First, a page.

On The Record: Vol. I
What's the most basic Denton Fact you know? Maybe you're thinking Denton is a college town, or Denton is a neat place. But we're willing to bet a lot of you are working with some minor variation on a major theme: Denton is a place for music. It's a fact we're reminded of daily as we traipse past live venues on-and-off the square, drive through our college campuses, or pack ourselves into houses to see musicians we admire.
But what do we listeners really know about the music-making process? Do you ever listen to one of your favorite artists and think, "I wonder how they pulled off that guitar effect? How many people are on this track, and who are they? Why do these vocals sound so insanely tight? What the hell is that incredible noise peeking through the wall of this song?"
We thought so. We wondered too. So we went straight to the source.
Welcome to On The Record, a new monthly roundup that aims to shine the spotlight not just on Denton musicians and artists, but on some of their best friends—their sound engineers, producers, recording studio buds, and record label reps. Who better to answer these burning questions than the professionals who make our favorite albums so clean and pristine? For our inaugural installation, we got some beautiful insight from Brack Cantrell of Dojo Baby Records and Michael Briggs of Civil Recording. Read on and you might learn some sweet secrets about some of your favorite local acts.
"Tracking The Noids was super fast and fun—they have an incredible live chemistry. I picked this track because it's the opener on their album Modern Life and pretty well sums up the attitude and energy of the whole record. When it came to overdubbing all the vocals we wanted to stay away from anything too sterile and forced-feeling, so we set up one crummy mic through my Roland Space Echo tape delay straight into a tiny Fender Vibro Champ guitar amp. Josh and Lauren both had vocals on the song, so they each had their own headphones but shared one mic. They would just step up to the mic when their part came up and trade off like that. We immediately loved the sound, so I think we ended up using that vocal set up for almost the whole record. I also think Josh may have played the noise guitar solo while lying on the floor, which is kind of his thing." --Brack Cantrell, Dojo Baby Records
"Mink Coats is a band full of fantastic players who aren’t afraid to fuck around with their songs and parts. I think experimentation and open-mindedness in the studio is key. Nobody wants to rehearse a song five hundred times, record it, then have it played back sounding exactly the same way they’ve been hearing it for months. There is a long jam at the end of this song (starting around 3:05) that was totally spur-of-the-moment and turned out awesome. You can almost hear the hesitation at points, as if everyone is thinking, “Should we keep going? Fuck yeah, let's keep it up,” and everyone is sort of pushing it to continue on. There is also a little toy piano (mixed kinda low) in the verses of this song that Trent found in our garage! We had to tape some keys together to keep it from rattling too much." --Brack Cantrell, Dojo Baby Records
"Avery Boner and the Blonde Dicks just released TWO brand new albums. This was the result of their successful GoFundMe fundraiser to get a new shirt for The Roseman. He needed a new shirt with roses on it that cost $50, so they made a campaign on GoFundMe and to everyone's surprise they got the requisite $50 from three donations. Two people (Topher and Stephen) donated the $20 each in order to have Avery Boner write a custom original album for them. This was recorded at the same time as a ton of new Flesh Narc songs that will likely be coming out soon as part of a split with Thin Skin. I also recorded Thin Skin's half of the split and it's great, so get ready for that." --Michael Briggs, Civil Recording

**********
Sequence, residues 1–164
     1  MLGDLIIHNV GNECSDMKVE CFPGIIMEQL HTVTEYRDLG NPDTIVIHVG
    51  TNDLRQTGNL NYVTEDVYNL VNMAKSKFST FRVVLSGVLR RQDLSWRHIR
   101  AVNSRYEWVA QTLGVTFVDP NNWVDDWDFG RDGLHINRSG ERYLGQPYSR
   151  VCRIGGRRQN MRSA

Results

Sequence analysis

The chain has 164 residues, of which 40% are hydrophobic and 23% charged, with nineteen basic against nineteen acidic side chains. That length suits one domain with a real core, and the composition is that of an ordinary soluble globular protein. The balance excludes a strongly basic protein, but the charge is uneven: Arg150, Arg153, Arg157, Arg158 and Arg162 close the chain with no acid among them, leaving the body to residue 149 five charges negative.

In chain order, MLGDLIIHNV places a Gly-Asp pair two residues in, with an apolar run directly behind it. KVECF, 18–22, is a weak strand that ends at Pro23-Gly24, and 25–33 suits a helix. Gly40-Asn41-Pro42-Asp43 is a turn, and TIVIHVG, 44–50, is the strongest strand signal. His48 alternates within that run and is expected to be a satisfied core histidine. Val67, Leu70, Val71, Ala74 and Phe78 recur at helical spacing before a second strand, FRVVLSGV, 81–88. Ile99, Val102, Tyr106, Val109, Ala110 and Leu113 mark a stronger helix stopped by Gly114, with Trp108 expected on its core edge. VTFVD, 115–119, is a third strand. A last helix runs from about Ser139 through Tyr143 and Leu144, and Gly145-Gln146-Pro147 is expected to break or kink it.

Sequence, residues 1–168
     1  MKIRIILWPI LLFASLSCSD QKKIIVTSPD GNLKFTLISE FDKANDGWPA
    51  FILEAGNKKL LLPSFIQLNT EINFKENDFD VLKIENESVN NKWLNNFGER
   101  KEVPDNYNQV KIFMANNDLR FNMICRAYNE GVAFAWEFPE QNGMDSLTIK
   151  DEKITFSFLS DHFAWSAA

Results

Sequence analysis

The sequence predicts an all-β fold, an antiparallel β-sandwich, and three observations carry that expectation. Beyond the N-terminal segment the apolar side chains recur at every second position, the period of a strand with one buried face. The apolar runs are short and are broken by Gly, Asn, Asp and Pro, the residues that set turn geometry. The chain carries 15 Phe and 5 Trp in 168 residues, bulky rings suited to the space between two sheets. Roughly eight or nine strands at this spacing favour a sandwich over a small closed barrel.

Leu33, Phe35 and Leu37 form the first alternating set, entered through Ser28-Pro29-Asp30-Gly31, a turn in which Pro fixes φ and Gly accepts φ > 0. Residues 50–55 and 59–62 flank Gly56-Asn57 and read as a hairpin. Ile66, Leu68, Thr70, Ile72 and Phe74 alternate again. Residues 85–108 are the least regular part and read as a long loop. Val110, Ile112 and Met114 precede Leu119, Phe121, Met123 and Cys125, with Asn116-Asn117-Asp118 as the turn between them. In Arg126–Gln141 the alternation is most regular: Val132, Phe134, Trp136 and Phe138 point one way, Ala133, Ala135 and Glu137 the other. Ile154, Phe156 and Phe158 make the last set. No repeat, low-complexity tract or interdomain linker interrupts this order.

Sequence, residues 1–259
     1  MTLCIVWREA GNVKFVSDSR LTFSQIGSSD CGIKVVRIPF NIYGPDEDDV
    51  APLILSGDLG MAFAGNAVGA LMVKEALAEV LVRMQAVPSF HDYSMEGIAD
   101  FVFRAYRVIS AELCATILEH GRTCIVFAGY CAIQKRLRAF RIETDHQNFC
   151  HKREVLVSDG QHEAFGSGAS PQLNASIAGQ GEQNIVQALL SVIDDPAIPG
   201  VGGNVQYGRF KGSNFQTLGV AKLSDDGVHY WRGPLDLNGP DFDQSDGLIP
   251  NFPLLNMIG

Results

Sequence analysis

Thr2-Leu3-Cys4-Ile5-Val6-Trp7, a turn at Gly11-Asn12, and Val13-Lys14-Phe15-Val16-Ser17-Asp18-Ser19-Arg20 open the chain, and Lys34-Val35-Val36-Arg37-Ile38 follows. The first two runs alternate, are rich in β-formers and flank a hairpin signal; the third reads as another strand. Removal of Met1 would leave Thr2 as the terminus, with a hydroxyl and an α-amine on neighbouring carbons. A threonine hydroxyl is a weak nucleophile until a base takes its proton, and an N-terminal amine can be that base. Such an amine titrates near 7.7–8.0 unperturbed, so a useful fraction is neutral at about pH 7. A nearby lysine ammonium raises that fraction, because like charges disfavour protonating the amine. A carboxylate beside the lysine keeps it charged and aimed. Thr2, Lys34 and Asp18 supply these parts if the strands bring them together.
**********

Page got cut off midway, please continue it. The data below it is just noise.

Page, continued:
"While it's technically not very recent, I'll go ahead and mention that Mimisiku's debut LP is now (finally) up on their own bandcamp so it's much easier to find than before. This is one of the records that I'm most proud of being involved with. It's just a fantastic album with awesome songs and great players. I always love working with Parker Lawson, and he writes some of my very favorite songs. Cade Bundrick (who also runs Gatsby's Mansion) is an absolutely incredible drummer. One of the best that I've ever heard, no exaggeration. The album was initially released in March of this year on Count Your Lucky Stars Records out of Michigan and is available on 12" vinyl. I really can't say enough good things about this band or this record. Give it a listen." --Michael Briggs, Civil Recording
"Rei Clone recently released thier new album Wet. The songs are great and I'm very proud of the mix on this album. It's a clear step forward for the band from their previous release, which was also really good. The songs on this record have really good catchy melodies, and the intricate and interesting violin parts really bring it over the top. If you like shoegaze, anime or Whataburger (I hate the latter two), then give this album a listen and go see Rei Clone live." --Michael Briggs, Civil Recording
"I'm very proud of and happy with the newest Better Now EP that we recorded here back in June. Like Rei Clone, Better Now is also quickly progressing in both their songwriting and playing, and I'm very happy with this mix. Better Now is coming back to the studio in November to record a couple more songs and I'm definitely looking forward to that." --Michael Briggs, Civil Recording
Header image design by Jason Lee